Creating powerful Community Connections by supporting community activities.
Touchstone Energy Cooperatives:
Provides high standards of service to all customers—residential, commercial, industrial and agricultural.
Is an educational initiative that communicates electric cooperatives’ unique characteristics in a changing marketplace where these values and differences matter more each day.
Emphasizes the significance of each electric cooperative’s local presence and unique ties to its community, but offers the resources of a nationwide network to bring added value and benefit to customers.
This is what one electric utility cooperative in the US has to say : The people who founded Wood County Electric Cooperative back in 1938 chose the cooperative form of business to keep costs low and keep local control over the electric utility. We’re still true to that commitment today.
Another electric cooperative: The Electric Cooperatives of Arkansas are committed to matching your company with the right location. We serve approximately 460,000 homes, farms, businesses and industries in Arkansas, encompassing more than 60 percent of the state's land area.
The Electric Cooperatives of Arkansas play an active role in the community and economic development of our state. By maintaining a low cost and abundant power supply backed by an active infrastructure enhancement and business recruitment program, the cooperatives plan to keep Arkansas a vital, powerful economic opportunity for your company.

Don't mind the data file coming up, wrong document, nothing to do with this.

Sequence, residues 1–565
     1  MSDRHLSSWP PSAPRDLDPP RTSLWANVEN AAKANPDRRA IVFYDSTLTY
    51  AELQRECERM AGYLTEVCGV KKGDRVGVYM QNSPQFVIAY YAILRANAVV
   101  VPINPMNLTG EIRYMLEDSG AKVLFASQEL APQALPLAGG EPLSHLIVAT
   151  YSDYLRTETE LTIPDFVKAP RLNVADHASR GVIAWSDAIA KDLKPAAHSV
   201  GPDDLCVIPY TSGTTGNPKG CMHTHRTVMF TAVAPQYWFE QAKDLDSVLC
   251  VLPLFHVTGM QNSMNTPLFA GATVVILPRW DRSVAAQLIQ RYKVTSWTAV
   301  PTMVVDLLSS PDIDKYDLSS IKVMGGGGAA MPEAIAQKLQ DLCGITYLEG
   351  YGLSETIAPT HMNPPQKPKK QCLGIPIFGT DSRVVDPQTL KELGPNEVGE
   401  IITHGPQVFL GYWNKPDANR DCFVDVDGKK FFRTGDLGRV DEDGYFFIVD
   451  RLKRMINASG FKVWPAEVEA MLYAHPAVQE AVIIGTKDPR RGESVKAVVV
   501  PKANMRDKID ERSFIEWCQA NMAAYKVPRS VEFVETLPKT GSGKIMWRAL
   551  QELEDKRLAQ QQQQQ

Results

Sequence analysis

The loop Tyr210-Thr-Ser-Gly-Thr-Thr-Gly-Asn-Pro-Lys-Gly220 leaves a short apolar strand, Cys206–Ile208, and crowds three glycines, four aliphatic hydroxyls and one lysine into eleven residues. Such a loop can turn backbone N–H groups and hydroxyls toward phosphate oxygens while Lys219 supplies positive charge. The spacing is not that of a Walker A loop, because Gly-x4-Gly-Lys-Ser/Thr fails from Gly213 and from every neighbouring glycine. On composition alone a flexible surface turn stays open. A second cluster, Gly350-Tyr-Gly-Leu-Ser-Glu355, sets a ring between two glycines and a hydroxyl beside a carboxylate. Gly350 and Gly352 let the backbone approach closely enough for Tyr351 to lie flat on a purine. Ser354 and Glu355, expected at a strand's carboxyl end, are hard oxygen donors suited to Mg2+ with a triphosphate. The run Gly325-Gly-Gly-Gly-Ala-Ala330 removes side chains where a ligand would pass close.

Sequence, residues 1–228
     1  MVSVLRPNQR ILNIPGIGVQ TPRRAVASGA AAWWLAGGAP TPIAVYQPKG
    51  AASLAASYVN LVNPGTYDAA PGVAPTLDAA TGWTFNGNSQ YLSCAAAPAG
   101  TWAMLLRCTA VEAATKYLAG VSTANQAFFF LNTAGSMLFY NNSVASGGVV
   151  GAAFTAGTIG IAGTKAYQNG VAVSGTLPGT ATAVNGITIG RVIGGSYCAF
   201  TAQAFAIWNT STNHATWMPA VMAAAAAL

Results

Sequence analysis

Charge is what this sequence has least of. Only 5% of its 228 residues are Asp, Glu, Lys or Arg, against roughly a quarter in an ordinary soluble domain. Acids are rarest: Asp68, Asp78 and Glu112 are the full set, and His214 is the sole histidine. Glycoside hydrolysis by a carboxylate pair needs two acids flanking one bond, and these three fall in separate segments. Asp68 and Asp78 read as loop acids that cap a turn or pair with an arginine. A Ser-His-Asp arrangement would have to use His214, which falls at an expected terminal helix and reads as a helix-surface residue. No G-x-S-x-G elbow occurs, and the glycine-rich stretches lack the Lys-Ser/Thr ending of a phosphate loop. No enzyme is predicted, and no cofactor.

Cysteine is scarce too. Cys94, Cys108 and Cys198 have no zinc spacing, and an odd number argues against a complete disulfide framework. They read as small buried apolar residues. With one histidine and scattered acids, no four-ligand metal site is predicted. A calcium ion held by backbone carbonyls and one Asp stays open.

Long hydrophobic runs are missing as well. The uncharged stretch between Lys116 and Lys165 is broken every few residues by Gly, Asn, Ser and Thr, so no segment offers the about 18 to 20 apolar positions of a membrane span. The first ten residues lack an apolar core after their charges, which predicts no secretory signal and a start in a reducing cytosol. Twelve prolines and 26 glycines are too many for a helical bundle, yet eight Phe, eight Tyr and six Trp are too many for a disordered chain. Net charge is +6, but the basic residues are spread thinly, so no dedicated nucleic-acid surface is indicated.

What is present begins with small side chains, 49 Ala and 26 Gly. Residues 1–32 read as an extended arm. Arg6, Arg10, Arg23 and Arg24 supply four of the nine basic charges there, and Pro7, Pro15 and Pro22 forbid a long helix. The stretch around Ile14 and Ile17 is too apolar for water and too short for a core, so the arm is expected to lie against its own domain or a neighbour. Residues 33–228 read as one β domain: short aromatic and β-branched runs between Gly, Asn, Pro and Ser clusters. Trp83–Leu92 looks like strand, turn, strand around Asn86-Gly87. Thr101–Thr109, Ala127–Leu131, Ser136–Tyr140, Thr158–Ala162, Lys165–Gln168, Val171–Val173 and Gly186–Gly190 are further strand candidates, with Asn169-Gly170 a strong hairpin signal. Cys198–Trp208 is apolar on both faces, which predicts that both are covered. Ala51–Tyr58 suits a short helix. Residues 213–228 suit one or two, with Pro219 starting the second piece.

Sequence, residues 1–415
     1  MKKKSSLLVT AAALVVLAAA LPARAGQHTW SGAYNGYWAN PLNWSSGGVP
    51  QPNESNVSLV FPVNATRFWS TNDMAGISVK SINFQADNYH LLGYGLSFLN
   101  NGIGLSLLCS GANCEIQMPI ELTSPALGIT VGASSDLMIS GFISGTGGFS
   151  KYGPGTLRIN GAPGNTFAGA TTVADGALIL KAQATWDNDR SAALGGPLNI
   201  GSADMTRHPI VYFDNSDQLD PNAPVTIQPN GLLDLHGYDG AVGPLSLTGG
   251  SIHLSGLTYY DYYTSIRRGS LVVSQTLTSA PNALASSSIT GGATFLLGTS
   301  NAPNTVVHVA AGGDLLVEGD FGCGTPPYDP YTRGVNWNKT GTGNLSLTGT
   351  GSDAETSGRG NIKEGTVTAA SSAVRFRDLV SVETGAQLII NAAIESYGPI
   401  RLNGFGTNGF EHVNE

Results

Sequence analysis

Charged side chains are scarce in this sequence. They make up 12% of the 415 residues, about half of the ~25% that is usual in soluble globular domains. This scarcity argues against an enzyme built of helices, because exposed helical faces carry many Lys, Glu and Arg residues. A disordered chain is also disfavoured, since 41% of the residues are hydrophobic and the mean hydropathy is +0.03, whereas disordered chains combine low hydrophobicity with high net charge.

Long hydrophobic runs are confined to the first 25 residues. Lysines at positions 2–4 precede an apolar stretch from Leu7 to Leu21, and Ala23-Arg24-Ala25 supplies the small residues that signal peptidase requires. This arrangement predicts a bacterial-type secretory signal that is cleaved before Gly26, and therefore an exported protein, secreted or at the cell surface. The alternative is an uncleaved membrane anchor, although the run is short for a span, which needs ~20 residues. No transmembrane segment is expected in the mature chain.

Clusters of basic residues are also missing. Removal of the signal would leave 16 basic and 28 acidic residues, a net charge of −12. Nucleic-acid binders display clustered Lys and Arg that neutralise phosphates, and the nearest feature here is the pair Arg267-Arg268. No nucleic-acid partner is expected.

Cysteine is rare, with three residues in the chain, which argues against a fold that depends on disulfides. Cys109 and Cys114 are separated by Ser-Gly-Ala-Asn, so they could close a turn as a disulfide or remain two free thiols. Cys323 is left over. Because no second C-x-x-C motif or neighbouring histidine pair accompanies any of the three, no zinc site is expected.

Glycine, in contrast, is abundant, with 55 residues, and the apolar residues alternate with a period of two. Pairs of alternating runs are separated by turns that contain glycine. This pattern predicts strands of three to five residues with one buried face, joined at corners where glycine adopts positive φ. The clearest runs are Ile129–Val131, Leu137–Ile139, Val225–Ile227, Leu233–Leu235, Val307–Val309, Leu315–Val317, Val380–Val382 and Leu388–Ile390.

There are about 60 Fortune 500 firms with operations in Arkansas. Five of these firms, ALLTEL Corporation, Dillard's Department Stores, Inc., Tyson Foods, Inc., and Wal Mart Stores, Inc. are headquartered here. Five of the largest trucking companies are located here including J.B. Hunt Transport. Manufacturers such as Whirlpool Corporation, B.F. Goodrich Aerospace, Maybelline Cosmetics, Green Bay Packaging/Kraft Paper, Remington Arms, Bekaert Corporation, Scroll Technologies and steel giant Nucor-Yamato Steel also have operations in Arkansas. Knowledge and information-based companies such as Acxiom Corporation, BEI Sensors and Systems, and Electronic Data Systems are here. The world's largest marketer of rice, Riceland Foods, is headquartered here.